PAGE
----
In some countries it is not possible to operate a butcher’s retail business without qualifications being obtained as the abattoirs/slaughterhouses will not sell meat to such operators but the supply chain in seafood is such that anyone can start a fish retail business. The industry has not policed itself in this regard.

Of course, there are minimum health licensing requirements in most countries based on HACCP principles but the courses are mostly general and not seafood-specific and the industry is not engaged in the process, as they are in the red meat industry. This leads to poor practices, undercutting, wastage, etc., and importantly leaves the consumer at the mercy of misinformation. Misinformation is far worse than no information.

In a number of countries, supermarkets train their butchers (who do not come into contact with customers – e.g. product is pre-packed), but they rarely train their seafood teams who do always come into contact with the consumer. The general reason given is because the seafood staff are always changing and do not remain either at the business or in that section for too long. There are exceptions to this, of course – Whole Foods in the USA and Morrison’s in the UK have been cited as examples of the exceptions and there are more, but the exception is more the rule.

I believe we need to create international best practice experiences in service, packaging, presentation, design and promotion in Seafood retailing and from that creating standards and a training program. To maximize the opportunity this is proposed as an ‘on line’ program but, in no way, stops the face-to-face training opportunities.

Further we should consider how to ‘globalize’ this – consideration should be given to ‘FAO’, or ‘The Worshipful Company of Fishmongers’ or the Association of International Seafood Professionals could be considered. A brand/logo could be used in the process.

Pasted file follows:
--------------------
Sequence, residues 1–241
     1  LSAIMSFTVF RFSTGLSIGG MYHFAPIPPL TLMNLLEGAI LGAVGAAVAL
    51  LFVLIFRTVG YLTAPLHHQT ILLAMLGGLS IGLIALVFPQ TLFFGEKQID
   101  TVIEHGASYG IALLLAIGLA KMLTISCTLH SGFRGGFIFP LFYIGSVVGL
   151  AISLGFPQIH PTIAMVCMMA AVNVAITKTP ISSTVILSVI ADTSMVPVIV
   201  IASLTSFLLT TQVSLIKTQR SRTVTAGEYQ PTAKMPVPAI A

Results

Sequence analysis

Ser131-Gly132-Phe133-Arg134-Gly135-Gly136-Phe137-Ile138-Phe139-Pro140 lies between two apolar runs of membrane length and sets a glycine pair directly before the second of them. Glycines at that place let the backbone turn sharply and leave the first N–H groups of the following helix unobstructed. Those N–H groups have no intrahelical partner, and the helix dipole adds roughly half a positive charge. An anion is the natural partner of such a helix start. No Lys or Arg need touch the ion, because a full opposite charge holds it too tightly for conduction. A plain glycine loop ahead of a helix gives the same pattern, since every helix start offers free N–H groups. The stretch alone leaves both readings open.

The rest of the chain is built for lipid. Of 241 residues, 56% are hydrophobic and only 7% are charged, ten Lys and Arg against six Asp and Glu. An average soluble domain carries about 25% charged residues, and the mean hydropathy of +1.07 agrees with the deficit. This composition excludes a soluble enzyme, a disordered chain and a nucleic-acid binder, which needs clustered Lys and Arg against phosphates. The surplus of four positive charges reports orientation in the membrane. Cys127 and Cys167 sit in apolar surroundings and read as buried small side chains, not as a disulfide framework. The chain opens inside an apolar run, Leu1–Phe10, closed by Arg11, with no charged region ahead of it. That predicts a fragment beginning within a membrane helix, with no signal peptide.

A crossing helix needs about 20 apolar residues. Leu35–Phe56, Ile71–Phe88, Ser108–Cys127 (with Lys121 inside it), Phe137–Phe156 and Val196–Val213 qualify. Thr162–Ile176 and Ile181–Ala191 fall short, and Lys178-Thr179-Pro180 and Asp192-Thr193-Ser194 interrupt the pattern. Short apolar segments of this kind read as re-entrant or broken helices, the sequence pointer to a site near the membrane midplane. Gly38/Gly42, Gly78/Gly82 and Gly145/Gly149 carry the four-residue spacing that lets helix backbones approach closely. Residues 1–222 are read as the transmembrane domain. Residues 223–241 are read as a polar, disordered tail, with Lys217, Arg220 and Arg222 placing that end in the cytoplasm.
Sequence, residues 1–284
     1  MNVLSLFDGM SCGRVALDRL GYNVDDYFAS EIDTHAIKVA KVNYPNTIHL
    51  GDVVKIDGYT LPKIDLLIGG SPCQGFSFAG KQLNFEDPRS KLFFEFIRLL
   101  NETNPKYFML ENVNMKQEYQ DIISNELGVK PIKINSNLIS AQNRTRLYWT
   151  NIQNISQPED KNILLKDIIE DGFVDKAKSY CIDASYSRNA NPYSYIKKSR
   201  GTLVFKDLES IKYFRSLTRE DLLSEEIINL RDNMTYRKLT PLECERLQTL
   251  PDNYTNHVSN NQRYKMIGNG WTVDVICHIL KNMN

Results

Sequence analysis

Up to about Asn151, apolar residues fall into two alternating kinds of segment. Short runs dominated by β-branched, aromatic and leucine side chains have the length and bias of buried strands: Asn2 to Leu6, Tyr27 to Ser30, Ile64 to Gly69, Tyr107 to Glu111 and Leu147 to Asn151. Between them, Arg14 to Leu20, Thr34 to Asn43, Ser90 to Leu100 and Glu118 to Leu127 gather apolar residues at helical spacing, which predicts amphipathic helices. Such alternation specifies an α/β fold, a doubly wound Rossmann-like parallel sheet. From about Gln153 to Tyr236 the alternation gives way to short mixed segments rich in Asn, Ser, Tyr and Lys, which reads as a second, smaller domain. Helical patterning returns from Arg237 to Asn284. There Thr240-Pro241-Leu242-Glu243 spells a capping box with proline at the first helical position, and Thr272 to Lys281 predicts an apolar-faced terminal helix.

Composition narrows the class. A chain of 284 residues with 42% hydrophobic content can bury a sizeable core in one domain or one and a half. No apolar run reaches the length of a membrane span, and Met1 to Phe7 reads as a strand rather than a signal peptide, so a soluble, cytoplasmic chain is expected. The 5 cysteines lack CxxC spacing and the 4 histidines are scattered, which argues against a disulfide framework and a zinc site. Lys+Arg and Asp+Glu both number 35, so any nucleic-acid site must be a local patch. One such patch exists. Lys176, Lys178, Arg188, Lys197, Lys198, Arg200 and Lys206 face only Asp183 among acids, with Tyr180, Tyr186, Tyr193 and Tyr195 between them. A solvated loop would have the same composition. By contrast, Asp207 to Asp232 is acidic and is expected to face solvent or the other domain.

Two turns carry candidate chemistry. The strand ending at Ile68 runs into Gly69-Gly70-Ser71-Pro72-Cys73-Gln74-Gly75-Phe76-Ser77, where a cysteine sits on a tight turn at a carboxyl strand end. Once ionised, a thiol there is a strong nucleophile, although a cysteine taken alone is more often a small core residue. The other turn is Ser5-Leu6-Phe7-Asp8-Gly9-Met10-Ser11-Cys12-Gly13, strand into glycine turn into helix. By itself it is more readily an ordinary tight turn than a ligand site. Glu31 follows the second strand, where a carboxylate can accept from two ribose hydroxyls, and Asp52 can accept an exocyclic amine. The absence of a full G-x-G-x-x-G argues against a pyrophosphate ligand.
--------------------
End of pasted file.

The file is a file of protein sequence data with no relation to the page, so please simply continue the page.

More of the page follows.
The deficiencies in the current system would seem to be:

•      No understanding what is world’s best practice in service, packaging, presentation, design and promotion in seafood retailing;

•      Little research resources/tools for trainers/educators in seafood retailing;

•      Limited point-of-sale knowledge/information;

•      Lack of consistent nutritional information;

•      No consistent global messages;

•      Erratic delivery service to customers and interaction with customers;

•      Poor coordination on interaction with businesses;

•      Insignificant research in retail technology;

•      Inconsistent merchandise presentation and promotional displays;

•      Modest novel food products;

•      Reduced knowledge on preparation, cooking and retailing seafood products;

•      Meagre innovation in retailing;

•      Mediocre communications with the community; and

•      Deficient communications with the industry.

If we were able to develop this program, it could revolutionize the ‘window’ of the industry and there would be many benefits which would have positive outcomes for the whole industry.

At the present time the retail end is engaging with the primary sector – this would ensure that the primary sector is engaging retail and ensuring world’s best practice from harvest to plate.